Masahiro Tanaka wants to pitch in the majors. His team, the Rakuten Golden Eagles, prefers their ace to stay in Japan.
Hanging in the balance are the Yankees, along with plenty of other potential suitors, and a decision is imminent after Tanaka spoke Tuesday with Rakuten president Yozo Tachibana.
"I informed my team that I would like them to allow me to test my abilities in Major League Baseball next season,'' Tanaka said at a news conference after meeting with Tachibana.
Tachibana's response? "We told him he is very important to us and we'd like him to stay.''
The tug-of-war over Tanaka's future began with the revised posting system for Japanese players, which was discussed for months but not completed until Monday. The assumption had always been that Rakuten would post Tanaka in November, profit from a substantial bid that some projected could approach $100 million, and Tanaka would sign with a U.S. team, as Yu Darvish did with the Rangers in 2012.
But all that changed as soon as MLB introduced the idea of a cap on compensation available to Japanese clubs, and Rakuten was understandably upset when the agreed-upon figure became a "release fee'' that could not exceed $20 million. The Rangers paid $51.7 million to the Nippon Ham Fighters for the negotiating rights to Darvish, who signed a six-year, $56-million contract.
Under these new rules, the compensation has been flipped. Instead of the Japanese team benefiting from a bidding war, the player is now free to negotiate with any MLB club willing to put up the maximum release fee. Tanaka, in this free-agent environment, would be expected to easily surpass Darvish and maybe get close to $100 million.
General manager Sandy Alderson said it was "very unlikely'' the Mets would be in the hunt for Tanaka after spending nearly $90 million, including $20 million on Bartolo Colon. But Alderson does believe a Tanaka posting would have big repercussions in the industry.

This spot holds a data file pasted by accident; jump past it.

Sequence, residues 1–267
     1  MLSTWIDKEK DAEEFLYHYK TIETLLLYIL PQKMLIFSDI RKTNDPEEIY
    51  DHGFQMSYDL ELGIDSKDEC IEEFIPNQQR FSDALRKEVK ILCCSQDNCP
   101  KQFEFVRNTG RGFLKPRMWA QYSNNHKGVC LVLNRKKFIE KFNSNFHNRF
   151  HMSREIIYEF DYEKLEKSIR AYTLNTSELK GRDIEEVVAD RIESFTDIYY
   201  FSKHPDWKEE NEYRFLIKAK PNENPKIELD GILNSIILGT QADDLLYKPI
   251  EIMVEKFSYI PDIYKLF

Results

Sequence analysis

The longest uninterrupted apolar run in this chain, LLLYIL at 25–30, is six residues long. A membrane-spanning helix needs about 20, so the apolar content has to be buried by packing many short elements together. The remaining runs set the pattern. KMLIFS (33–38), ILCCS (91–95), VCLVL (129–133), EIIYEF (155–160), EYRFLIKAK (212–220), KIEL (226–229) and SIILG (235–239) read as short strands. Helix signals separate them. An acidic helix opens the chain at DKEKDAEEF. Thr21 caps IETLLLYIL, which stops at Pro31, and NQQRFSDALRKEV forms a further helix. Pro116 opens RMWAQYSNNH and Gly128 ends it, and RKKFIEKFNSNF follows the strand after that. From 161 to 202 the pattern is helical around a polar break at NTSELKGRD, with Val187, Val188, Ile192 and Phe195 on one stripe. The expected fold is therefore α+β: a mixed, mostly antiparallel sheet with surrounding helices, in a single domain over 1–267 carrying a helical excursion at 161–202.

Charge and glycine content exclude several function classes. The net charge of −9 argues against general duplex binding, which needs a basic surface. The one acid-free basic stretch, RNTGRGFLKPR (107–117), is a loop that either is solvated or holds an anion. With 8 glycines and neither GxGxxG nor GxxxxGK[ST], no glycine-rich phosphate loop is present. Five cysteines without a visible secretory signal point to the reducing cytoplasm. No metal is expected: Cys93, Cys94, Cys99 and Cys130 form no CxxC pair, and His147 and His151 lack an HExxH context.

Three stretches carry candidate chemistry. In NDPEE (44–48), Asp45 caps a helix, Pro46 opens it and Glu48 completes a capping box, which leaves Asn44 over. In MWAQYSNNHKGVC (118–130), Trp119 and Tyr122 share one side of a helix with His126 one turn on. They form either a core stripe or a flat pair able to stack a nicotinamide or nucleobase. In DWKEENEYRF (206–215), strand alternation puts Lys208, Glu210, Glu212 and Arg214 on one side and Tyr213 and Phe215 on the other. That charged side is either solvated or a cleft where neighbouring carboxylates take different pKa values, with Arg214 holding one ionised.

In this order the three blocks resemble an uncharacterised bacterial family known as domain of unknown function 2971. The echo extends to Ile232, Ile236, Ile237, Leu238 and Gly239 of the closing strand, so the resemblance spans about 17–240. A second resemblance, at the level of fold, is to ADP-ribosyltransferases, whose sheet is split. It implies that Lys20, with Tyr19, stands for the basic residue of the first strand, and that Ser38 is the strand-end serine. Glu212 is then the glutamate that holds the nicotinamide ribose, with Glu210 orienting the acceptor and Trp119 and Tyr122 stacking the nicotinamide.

"I think more teams will be involved,'' Alderson said. "I think what will happen is the posting fee has gone down, the compensation to the player will go up, and that's good for the rest of baseball because it impacts the [luxury] tax. I think it will be interesting to see whether the total dollars go up or down.''
That's the tricky part for the Yankees, whose efforts to stay below the $189-million luxury-tax threshold for next season were hurt seriously by the revised posting system. The release fee, like the secret bids of the past, does not count against a team's payroll. But with a smaller payout to the Japanese club, and the possibility of many more teams to negotiate, the contract for a player like Tanaka is likely to be more expensive.
The Yankees, badly in need of rotation help, scouted Tanaka many times during the summer, according to a source, and intend to make a serious push to sign him. Andy Pettitte's retirement leaves only three established starters -- CC Sabathia, Hiroki Kuroda and Ivan Nova.
"I think we still have Michael [Pineda] coming back,'' Sabathia said Tuesday night. "We signed Hiro back. I'm sure they'll go out and patch in a few other guys and see who can fill those spots. We'll see what happens.''
Tanaka was supposed to provide a shortcut, a way to throw more money at a problem and fix it. But after doling out more than $320 million to free agents this offseason, and likely needing relief from Alex Rodriguez's $25-million salary to have any shot of staying below $189 million, the Yankees have a few decisions to make now, too.
With Will Sammon